Lot of freelance businesses and solo website owners always looking for the best links way too early.
Rather than spending thousands of dollars on authority links, they should invest that money into their website laying the link building foundation.
I’m not just talking about the design, although an attractive layout and visually stimulating design are important.
I’m talking specifically about having a website optimized to help you reach all of your conversion goals.
High keyword rankings and traffic volume are great, but it’s worthless if you aren’t converting your website visitors.
Most SEO agencies will rely only on ranking reports and Google Analytics data to convince the client they are worth paying each month.
But all of that money spent on SEO and links is being pissed away because the website they are ranking and sending traffic to isn’t designed properly from a conversion standpoint.
It doesn’t matter if you are a major e-commerce brand with 100s of consumer products, a freelance SEO servicing local landscaping business, or a specialty restaurant.
The goal of every website on the planet is to convert traffic.
This is either in the form of a lead, a direct sale, an email address capture, a social media follow or share, a phone call, an in-person location visit, getting directions, etc.
How to Lay Link Building Foundation
Here are the 4 core web vitals you have to put in place before Building links to your website
1. Set Conversion Goals
To lay a proper link building foundation, you need to first clearly identify all of your conversion goals and then make sure that your website is fully optimized to help you reach those goals.
The higher percentage of your traffic that converts, the more effective your SEO will be and the larger of an ROI it will be directly responsible for.
Spend time and break down every component of your website, from the copy to the offers. Look at your data and see what path your visitors take on your website.
This is the best way to identify potential roadblocks and problems.
Building links and sending traffic to a website that isn’t 100% optimized for conversions is like trying to build a new house in swampland without foundation.
It doesn’t matter how much effort, money, and resources you throw at it — it’s never going to be stable and work.
A website that converts at a high rate is the solid foundation you need before you start investing time and money in SEO, let alone expensive authority links like directory links.
I suggest split-testing as much as possible, using a heat map tool to see what is happening on your site, and then using paid traffic to help you optimize.
I’m not saying you need to go hire a web design agency and drop $20,000 on a new design. You can use templates and make minor changes.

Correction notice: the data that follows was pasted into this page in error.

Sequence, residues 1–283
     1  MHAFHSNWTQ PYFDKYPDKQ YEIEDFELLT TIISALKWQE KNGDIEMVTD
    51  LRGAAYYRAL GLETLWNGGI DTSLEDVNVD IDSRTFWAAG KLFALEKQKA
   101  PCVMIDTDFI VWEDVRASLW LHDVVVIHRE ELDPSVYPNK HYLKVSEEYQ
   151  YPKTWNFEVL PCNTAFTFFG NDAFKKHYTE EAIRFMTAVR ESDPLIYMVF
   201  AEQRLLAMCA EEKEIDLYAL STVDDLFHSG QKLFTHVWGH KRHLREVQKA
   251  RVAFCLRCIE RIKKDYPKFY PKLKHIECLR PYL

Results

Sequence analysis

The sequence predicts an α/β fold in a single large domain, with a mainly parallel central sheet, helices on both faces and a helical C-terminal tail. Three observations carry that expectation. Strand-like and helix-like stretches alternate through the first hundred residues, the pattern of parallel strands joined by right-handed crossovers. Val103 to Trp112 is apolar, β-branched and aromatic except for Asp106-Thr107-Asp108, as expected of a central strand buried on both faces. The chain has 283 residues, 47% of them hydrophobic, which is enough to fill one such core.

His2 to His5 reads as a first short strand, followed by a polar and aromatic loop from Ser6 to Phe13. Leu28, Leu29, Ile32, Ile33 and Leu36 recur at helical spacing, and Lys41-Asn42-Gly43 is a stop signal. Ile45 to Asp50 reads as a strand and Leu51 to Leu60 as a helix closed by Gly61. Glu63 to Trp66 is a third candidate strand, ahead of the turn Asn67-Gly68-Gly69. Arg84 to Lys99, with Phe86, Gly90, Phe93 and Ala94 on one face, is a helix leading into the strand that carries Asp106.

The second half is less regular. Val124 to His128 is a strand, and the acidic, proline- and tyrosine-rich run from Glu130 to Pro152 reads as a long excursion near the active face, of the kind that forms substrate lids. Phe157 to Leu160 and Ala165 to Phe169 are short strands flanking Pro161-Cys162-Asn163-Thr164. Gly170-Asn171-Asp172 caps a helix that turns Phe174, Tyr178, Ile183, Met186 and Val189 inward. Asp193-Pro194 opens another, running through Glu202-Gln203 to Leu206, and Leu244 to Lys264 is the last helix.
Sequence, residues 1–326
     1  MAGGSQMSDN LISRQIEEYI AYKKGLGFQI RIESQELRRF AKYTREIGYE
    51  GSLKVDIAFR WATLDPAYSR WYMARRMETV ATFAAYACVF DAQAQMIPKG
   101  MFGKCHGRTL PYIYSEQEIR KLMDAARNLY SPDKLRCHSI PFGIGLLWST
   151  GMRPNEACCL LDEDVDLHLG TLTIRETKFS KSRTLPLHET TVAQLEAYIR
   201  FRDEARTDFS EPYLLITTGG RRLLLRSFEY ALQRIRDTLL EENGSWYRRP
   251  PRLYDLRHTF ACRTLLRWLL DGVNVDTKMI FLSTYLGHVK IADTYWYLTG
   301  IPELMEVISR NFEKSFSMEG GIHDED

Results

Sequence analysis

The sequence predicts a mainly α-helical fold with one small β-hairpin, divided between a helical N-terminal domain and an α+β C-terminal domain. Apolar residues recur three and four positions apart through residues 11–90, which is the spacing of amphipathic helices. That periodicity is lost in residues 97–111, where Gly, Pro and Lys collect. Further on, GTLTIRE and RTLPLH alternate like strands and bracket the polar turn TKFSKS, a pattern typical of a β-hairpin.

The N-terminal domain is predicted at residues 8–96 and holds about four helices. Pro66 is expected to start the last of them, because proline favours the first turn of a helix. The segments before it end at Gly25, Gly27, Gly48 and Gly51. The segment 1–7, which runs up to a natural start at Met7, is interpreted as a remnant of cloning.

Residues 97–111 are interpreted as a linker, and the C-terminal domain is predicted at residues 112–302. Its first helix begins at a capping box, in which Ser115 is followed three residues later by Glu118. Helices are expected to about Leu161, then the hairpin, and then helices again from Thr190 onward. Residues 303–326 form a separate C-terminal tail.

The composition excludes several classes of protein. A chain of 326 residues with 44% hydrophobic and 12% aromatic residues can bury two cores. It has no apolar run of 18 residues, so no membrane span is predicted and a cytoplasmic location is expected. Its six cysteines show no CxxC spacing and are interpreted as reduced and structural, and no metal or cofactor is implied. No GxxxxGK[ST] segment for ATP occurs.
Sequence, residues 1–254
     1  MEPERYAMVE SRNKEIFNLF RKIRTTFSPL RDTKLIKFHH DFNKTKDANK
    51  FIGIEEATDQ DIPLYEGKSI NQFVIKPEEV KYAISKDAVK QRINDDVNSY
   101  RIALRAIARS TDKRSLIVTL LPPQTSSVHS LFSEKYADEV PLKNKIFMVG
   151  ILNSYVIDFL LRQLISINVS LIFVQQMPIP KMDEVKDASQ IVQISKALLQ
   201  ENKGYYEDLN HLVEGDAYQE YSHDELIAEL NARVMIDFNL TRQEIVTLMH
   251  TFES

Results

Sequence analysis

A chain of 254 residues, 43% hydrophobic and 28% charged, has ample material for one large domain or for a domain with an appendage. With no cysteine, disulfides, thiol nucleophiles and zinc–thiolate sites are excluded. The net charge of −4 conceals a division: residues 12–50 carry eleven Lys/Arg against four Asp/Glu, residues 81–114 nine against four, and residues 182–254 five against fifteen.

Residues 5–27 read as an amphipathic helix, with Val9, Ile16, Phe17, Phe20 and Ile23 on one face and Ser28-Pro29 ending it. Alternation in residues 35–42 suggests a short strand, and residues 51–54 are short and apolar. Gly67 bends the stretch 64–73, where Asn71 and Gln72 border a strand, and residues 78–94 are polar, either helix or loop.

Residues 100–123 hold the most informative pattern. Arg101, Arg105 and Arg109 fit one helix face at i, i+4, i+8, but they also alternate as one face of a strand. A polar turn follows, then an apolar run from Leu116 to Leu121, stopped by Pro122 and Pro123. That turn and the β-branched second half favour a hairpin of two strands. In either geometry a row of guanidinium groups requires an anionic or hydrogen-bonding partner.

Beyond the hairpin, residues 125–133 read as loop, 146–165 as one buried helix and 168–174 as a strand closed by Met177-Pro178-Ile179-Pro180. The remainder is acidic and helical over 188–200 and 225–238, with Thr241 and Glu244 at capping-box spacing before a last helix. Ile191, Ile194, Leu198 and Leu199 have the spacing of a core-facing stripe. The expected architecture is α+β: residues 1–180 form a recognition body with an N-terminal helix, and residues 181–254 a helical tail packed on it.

The important thing is to ensure it converts for YOUR traffic.
Just because a theme or layout works for one business doesn’t mean it’s going to perform the same way for you.
Be sure to also set up conversion goals in Google Analytics as soon as possible.
The sooner you can start collecting that data, the sooner you will optimize your conversion rate between that industry standard of 2-3% and even higher if you learn how to identify behavioral signals and make necessary changes.
2. Optimized for Speed and Load Time
Another link building foundation you need to lay is the optimization of speed and load time.
This is another thing a large percentage of websites completely ignore, and that is the speed and load time of each page.
There are two major reasons why you need to make sure that your website speed is optimized, and when I say this, I mean every page and not just the homepage.
Since Google’s main goal is to provide its users with the best possible results, it should come as no surprise that speed is a ranking signal.
Not only do they want to return the best results from an informational standpoint but also a UX (user experience) one as well.
While many speculate that it might only contribute to 1% of the algorithm, it’s something that you can easily do. If not, laziness is to blame.
Google’s algorithm considers speed because users demand a website loads fast. They aren’t going to wait around for a site to load.
If there is a lag or they feel it’s slow, they will leave. It’s that simple. At the very least, your pages should fully render in less than two seconds.
Many clients will tell me that their website speed is perfect, and after a quick look, the homepage does indeed load quickly, but their blog pages and inner pages are slow as a pig, which has a negative impact on their rankings.
Most homepages are fairly light on content and resources.
We will often notice that the inner pages, and more specifically the blog pages, are using more resources, server calls, and scripts because of plugins.
Take the time to ensure that every single page is fast and optimized.
It may take some time to get this done if your website is large, but once you have it under control, it’s easy to maintain.
Simply ensure each new post or page on your site passes the major testing tools. There are four I suggest you use and here they are.
My 4 Best Major Testing Tools
WebPageTest is my favorite tool, as it gives a lot of insight as well as suggestions to fix the issues. Make slight changes and re-run the test and watch your speed improve. This speed tool gives you the most data to analyze.
PageSpeed Insights is a Google’s testing tool, so it’s important to ensure your website is, at the minimum, a 90+ (in the green) for both the desktop and mobile scores.
If you want to rank, and Google is going to tell you exactly what they think of your website’s speed, don’t you think you should listen and react accordingly? Of course, you should!